Disability & Albinism
During the 2016 International Symposium: Disability in the SDGs: Forming Alliances and Building Evidence for the 2030 Agenda, held in London, UK in February 2016, hosted by the International Centre for Evidence in Disability (ICED), London School of Hygiene & Tropical Medicine, it was acknowledged that that with the new Sustainable Development framework proposed to guide development until 2030, the international community is currently in an important transition period.
There was a consensus during the conference that the Sustainable Development Goals (SDG) framework features disability far more than its MDG predecessors, which were silent on disability concerns. Seven of the 169 targets specifically mention disability and ongoing discussions on the required global level indicators offer some hope that data disaggregation by disability will be included as a principle, alongside several specific indicators.
“This is an opportune time to continue to build momentum and awareness around issues of disability and development in the 2030 agenda, including the promotion of best practices and evidence which can be shared with the development community,” read the conference announcement.
Without doubt the MDGs helped direct aid flows towards a list of priorities, but the absence of disability the MDGs meant people with disabilities did not benefit from development. In short, persons with disabilities were left behind.
But the inclusion of disability in the SDGs – one of the most comprehensive international development frameworks ever written – is a cause for real hope that persons with disabilities will this time tangibly feel the impact of development progress. For example, the Sightsavers International, in its article “Disability and the SDGs: from words to action” picked out three specific mentions of disability which the organization highlighted as reflected in this excerpt:
Ensure inclusive and equitable quality education and promote lifelong learning opportunities for all
“Build and upgrade education facilities that are child, disability and gender sensitive and provide safe, non-violent, inclusive and effective learning environments for all.”
Reduce inequality within and among countries
“By 2030, empower and promote the social, economic and political inclusion of all, irrespective of age, sex, disability, race, ethnicity, origin, religion or economic or other status.”
Strengthen the means of implementation and revitalize the global partnership for sustainable development
“By 2020, enhance capacity-building support to developing countries… to increase significantly the availability of high-quality, timely and reliable data disaggregated by income, gender, age, race, ethnicity, migratory status, disability, geographic location and other characteristics relevant in national contexts.”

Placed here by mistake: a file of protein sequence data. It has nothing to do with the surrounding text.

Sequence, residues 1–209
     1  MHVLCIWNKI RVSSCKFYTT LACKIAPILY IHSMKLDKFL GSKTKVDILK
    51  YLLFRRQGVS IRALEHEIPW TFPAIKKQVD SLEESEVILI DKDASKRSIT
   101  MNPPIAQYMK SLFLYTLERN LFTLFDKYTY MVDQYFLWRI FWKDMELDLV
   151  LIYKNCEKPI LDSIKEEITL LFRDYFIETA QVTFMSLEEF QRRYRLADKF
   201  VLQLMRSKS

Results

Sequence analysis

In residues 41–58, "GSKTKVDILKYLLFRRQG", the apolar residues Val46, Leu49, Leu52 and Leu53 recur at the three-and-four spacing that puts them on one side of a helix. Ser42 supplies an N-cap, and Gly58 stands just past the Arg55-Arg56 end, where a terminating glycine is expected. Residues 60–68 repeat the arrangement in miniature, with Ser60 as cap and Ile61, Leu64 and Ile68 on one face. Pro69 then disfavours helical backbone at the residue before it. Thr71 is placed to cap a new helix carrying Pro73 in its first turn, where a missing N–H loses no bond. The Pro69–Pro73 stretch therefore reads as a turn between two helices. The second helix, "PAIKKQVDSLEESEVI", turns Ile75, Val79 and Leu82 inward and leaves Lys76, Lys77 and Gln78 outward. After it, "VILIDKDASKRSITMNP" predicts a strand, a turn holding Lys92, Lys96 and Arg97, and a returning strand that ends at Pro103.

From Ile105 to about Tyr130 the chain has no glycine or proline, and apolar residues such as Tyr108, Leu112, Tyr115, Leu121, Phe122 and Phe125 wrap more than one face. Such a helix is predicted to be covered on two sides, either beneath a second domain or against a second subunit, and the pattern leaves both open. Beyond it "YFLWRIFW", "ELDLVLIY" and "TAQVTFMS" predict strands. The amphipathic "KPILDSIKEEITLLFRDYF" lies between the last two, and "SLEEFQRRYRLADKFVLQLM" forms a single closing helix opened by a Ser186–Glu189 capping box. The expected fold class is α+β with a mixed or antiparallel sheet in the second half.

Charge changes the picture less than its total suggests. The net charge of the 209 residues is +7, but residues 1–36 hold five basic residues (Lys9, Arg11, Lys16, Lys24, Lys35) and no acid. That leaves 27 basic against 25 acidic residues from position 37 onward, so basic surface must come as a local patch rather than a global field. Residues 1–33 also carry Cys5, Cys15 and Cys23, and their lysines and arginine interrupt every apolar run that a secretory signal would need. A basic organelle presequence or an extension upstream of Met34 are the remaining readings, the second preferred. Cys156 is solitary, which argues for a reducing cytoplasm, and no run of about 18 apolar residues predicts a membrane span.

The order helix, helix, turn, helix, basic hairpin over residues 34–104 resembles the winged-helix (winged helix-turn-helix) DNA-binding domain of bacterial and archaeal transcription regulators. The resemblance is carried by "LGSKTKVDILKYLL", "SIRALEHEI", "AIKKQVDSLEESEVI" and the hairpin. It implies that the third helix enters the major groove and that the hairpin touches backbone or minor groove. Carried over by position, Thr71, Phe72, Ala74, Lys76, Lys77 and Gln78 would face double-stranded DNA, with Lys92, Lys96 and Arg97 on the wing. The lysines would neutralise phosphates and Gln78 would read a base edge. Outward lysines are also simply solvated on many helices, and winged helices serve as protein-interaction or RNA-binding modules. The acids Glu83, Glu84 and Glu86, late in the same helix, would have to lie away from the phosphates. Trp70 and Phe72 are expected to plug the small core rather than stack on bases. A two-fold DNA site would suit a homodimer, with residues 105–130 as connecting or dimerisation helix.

These targets which specifically mention disability will help ensure that in efforts to provide education, equality and data monitoring, persons with disabilities will be included. This means real commitment to progress, to measuring that progress and achieving advances which were hitherto impossible.
The Question of Implementation
The article further acknowledges that these commitments, which hold such potential and hope for the world’s billion people with disabilities, are just a piece of paper. Without implementation, their promises will go undelivered, and persons with disabilities will continue to be left behind.
It recommends: “That’s why advocacy and partnership are vital if we are to see real impact by 2030. Funders, non-profits, and other groups need to maintain pressure on governments to include people with disabilities in their development plans, even when inclusion is challenging or costly,
“People with disabilities will be vital actors in this process. The inclusion of disability in the SDGs will be a powerful tool for people with disabilities to use as they raise their concerns with their own governments, and work in partnership together to deliver progress.”
There are currently 11 explicit references to persons with disabilities in Agenda 2030, and data disaggregation by disability is a core principle. CBM has produced an infographic that links the SDGs with the human rights enshrined in the UN Convention on the Rights of Persons with Disabilities, drawing people’s attention to the synergies between the two international frameworks. The links made within the infographic are the most conservative interpretation of the two texts. It shows how implicitly interwoven the rights of persons with disabilities are within almost all of the key Goals, for example, where there are references ‘to all’ or ‘accessible’ – these must include persons with disabilities to be realised in practice. It is also crucial however, that disability inclusion is part of each and every SDG even when disability is not explicitly mentioned, as in the case of Goal 5 – Achieve gender equality and empower all women and girls.
Download an accessible word version of the infographic here.
The International Disability Alliance and the International Disability and Development Consortium have developed a guidance and toolkit on the 2030 Agenda with respect to the inclusion of persons with disabilities. While the guidance note follows the structure of the 2030 Agenda in its entirety and highlights the references to persons with disabilities, the toolkit is more of a practical document, which provides ideas on how and why persons with disabilities should engage with the Sustainable Development Goals at the national level.
The guidance and the toolkit are available here
Disability Indicators For The SDG
Disability in the SDGs Indicators
Infographic: Disability and Inclusive Sustainable and Development Goals
For More Resources